It doesn’t get much worse than it did for Texas Health Resources last fall. Not only did one of its hospitals lose a patient to Ebola, but it happened to be the first person diagnosed with the disease in the U.S., meaning there were a whole lot of eyes on the organization.
And after it became clear the patient had initially been misdiagnosed and sent home, only to be readmitted three days later, there was a whole lot of finger pointing. Everyone wanted to know what had led to the miscommunication between nurses and physicians that then led to the hospital discharging a patient who had recently been in Liberia.
Initially, Texas Health Resources (THR) cited a workflow issue with its EHR system as a primary factor in the misdiagnosis. Shortly after, however, the organization backed off its statement, but the damage had already been done. Vendors weighed in. Industry experts weighed in. A Health Affairs blog went so far as to say that the communication lapse which led to Duncan’s discharge was “an example of the failure of the American health care system.”
Daniel Varga, THR’s chief clinical officer and senior EVP, was forced to give testimony before the House Energy and Commerce Subcommittee on Oversight and Investigations explaining what had gone wrong and how the organization was working to fix it.
As if that wasn’t enough, several months later a nurse who had contracted the disease while caring for Duncan filed a lawsuit against the health system, claiming it was negligent in its training of the staff.
The whole thing was ugly.
The organization that had spent years solidifying its a reputation as a leader in healthcare and innovation, as well as a top destination for employers (even in 2015, it was named to Fortune’s ‘100 Best Companies to Work For’ list) had taken a brutal PR hit that undoubtedly left leadership feeling bruised and battered.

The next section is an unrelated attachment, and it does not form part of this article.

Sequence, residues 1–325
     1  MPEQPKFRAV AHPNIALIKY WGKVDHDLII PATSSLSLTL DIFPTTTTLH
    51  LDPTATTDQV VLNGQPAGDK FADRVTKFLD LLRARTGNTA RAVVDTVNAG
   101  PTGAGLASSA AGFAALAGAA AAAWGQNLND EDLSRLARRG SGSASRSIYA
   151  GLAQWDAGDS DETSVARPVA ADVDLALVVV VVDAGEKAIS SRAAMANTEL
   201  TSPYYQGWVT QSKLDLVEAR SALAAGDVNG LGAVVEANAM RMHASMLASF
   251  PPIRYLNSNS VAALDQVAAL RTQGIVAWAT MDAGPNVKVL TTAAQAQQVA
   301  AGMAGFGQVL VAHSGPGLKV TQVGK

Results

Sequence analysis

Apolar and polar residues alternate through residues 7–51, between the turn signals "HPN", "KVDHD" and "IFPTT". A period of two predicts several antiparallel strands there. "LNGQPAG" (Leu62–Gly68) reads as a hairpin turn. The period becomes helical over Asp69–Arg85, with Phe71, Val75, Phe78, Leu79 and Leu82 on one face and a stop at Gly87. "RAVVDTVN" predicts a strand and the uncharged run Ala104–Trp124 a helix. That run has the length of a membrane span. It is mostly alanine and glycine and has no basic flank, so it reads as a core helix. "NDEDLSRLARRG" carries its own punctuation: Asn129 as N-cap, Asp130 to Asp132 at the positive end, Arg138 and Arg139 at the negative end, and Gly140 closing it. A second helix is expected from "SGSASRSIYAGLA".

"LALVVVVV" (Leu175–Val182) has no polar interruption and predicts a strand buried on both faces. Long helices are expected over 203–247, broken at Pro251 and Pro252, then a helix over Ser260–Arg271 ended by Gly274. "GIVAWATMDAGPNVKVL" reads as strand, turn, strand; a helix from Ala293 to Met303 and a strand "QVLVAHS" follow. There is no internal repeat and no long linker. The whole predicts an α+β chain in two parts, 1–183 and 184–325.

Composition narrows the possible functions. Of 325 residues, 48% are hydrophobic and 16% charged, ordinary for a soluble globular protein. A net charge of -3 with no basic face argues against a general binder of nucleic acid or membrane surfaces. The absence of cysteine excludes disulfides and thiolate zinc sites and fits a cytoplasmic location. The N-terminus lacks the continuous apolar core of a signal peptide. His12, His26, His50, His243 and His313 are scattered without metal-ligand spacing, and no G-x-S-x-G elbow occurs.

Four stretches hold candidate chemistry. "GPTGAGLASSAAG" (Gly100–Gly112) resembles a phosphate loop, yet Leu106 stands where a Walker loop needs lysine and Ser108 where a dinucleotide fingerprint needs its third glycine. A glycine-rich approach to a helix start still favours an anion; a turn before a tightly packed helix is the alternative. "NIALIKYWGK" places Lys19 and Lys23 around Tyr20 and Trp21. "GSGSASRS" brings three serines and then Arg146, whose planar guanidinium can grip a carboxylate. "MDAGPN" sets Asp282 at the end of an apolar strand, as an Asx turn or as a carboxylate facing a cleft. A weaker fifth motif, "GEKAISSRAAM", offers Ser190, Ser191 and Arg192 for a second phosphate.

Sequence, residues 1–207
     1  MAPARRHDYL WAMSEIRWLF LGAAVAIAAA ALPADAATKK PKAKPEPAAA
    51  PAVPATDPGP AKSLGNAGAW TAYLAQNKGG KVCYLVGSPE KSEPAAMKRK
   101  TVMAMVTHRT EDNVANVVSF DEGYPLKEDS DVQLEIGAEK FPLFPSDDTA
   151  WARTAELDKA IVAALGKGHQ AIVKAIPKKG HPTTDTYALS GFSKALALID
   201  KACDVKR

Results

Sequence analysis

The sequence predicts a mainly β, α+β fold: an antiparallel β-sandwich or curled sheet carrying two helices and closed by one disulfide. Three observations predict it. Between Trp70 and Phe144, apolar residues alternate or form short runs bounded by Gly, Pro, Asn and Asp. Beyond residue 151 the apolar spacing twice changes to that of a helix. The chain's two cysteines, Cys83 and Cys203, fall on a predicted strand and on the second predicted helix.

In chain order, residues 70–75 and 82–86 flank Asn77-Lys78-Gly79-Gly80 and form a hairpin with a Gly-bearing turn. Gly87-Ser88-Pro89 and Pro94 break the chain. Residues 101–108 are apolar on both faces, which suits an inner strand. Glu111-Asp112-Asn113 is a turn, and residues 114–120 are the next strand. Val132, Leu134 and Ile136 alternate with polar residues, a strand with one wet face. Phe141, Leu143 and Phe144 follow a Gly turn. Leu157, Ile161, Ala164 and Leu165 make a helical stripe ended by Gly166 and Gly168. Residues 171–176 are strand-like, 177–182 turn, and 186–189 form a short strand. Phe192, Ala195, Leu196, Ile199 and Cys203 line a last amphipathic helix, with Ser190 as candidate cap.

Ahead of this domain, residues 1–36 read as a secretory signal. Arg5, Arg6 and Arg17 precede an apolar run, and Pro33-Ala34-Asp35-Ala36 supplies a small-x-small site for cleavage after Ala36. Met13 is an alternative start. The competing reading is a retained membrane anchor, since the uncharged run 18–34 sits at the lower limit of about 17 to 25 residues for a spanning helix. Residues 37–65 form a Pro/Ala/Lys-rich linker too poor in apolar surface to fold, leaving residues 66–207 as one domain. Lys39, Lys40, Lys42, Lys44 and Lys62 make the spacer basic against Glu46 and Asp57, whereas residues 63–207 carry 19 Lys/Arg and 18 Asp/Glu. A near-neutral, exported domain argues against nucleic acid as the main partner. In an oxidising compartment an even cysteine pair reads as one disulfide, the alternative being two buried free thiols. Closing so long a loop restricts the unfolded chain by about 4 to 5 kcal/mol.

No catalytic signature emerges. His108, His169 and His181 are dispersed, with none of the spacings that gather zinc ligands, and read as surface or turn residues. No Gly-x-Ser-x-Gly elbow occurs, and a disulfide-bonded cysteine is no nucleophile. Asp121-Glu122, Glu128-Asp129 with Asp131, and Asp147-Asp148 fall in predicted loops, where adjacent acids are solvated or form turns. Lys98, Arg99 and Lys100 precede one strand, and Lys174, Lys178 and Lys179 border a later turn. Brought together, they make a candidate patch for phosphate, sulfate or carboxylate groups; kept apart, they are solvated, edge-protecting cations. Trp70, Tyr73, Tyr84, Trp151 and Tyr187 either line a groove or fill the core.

But sometimes when things are at their darkest, a little bit of light manages to creep in.
Rick Allen, CIO at Southern Regional Medical Center, had never worked directly with Ed Marx (then CIO at Texas Health Resources). But Marx had left quite an impression on him when they met while serving on advisory boards together. So much so, in fact, that Allen reached out to Marx during the Ebola crisis “to let him know that there was support among his peers,” he said in a recent interview. Allen wanted Marx to know that “if there was anything I could do, I was there for him.”
A kind gesture, sure. But why go out on a limb and reach out to someone you don’t even know very well? The reason is because during the interactions they did have, Allen learned a tremendous amount about the type of leader he wanted to be. He learned the value of interpersonal skills and he changed his management style for the better, and for that reason, he felt indebted to Marx.
“What I got from him meant that much to me, it made me feel as though I should reach out and provide that same level of support,” Allen said.
He did and, as it turned out, that small act of kindness had a big impact.
“There were some dark days for us organizationally and as a peer he knew it must have been tough so he did the leader thing and reached out. I will never ever forget that,” Marx said in a comment on our site. “Sometimes we are so self-focused we don’t reach out to our peers in times of trouble. Rick did and it meant the world to me!”
I couldn’t agree more with Marx’s sentiment. It’s so easy to get mired in the muck and forget that others have it just as bad as we do — if not worse. It’s easy to think things like, “You think you’re the only one with problems? Welcome to the club!” What’s not always so easy is having compassion and offering encouragement to someone who needs it, especially as we’re sorting through our own issues.
To me, that’s true leadership.
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